Official Student Newspaper of Henry M. Gunn High School

The Oracle

Official Student Newspaper of Henry M. Gunn High School

The Oracle

Official Student Newspaper of Henry M. Gunn High School

The Oracle

Breaking News: Students skip SELF, Study Hall to participate in walkout

On Friday, Feb. 23, students skipped SELF and Study Hall to participate in a walkout, gathering on the football field to discuss student mental health in the aftermath of Tuesday’s student death. 

During the meeting, student organizers freshman Aya Gurevich and sophomore Milcah Morrison directed students to sit at the center of the field, where they proceeded to speak about Gunn and district wellness measures. Students were then invited to come up and speak about their own thoughts and frustrations. Toward the end of the meeting, Principal Wendy Stratton brought three boxes of pizza for the participants, part of a Parent Teacher Student Association gift for all Gunn students.

Attendees learned about the event through social media. According to Gurevich, Morrison proposed coordinating a walkout after seeing his Instagram story suggesting that students “boycott SELF.” As the word spread, students were encouraged to show up in green, a color symbolizing mental health awareness. 

“It’s just kind of to get teachers and staff and the administration to notice that what they’re doing isn’t working, and kids aren’t happy with it,” Gurevich told The Oracle. “At 15 years old, I experienced, in my school, somebody died. That’s something that shouldn’t happen.”

Although the event was promoted as a boycott, Morrison cautioned against using such labeling: The event’s goal wasn’t to condemn the school, but rather to foster discourse.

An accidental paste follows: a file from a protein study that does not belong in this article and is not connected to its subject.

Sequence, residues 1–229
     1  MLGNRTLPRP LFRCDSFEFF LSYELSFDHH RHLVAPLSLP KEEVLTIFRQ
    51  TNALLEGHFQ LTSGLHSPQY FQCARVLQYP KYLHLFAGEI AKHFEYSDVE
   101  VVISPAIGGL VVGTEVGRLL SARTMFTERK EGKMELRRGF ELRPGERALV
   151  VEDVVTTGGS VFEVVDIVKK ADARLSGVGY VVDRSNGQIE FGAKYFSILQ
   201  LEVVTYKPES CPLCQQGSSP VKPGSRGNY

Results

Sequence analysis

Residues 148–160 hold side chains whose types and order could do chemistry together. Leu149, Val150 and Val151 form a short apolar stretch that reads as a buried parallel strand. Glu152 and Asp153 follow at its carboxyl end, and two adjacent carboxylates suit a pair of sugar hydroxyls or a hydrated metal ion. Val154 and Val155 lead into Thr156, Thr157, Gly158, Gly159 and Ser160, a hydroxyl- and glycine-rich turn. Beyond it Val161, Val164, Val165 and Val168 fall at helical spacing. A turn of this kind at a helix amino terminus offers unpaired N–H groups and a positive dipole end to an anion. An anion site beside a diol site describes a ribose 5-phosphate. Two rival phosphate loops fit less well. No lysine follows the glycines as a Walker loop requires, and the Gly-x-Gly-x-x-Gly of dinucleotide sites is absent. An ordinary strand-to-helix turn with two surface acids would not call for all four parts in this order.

“You can’t blame staff, you can’t blame the Board,” she told The Oracle. “You can’t blame the people that are just here from their nine to five … I’m sure it’s great that we have activities out there to help people, but we really need to sit down and just talk about it.”

According to Stratton, conversations with the crisis response team — including counselors and therapists — made it evident that students needed an outlet, and the walkout seemed like a peaceful way for them to express their emotions. 

“We know that we need a community response, and we don’t want to inhibit students who have a need right now — especially coming into the weekend on a Friday — to connect and work through whatever they’re going through,” she said. “So my feeling — and our feeling — was to give them space to do that.” 

After Morrison and Gurevich spoke, the attendees were invited to come up and share their perspectives. Those present expressed wide-ranging frustrations — critiquing Gunn’s academic culture alongside Wellness Center guidelines and SELF lessons — and shared their experiences, both in speeches to the rest of the group and in interviews with The Oracle.

“SELF is more of a Band-Aid solution,” freshman Dante Chung told The Oracle. “It’s generalized mental health care, and that’s not what mental health care support is supposed to be about.” 

While SELF Coordinator Kathryn Catalano anticipates that the SELF program will continue to adapt based on feedback, she added that mental-health guidance and resources may not be within the program’s purview: It was established in 2017 to address California’s social-emotional learning standards.

“It’s important to note that the SELF program, it focuses on social emotional skills,” she said. “While there is, of course, a lot of overlap between that and having strong mental health resources and things of that nature, that’s not what the SELF program was established for.”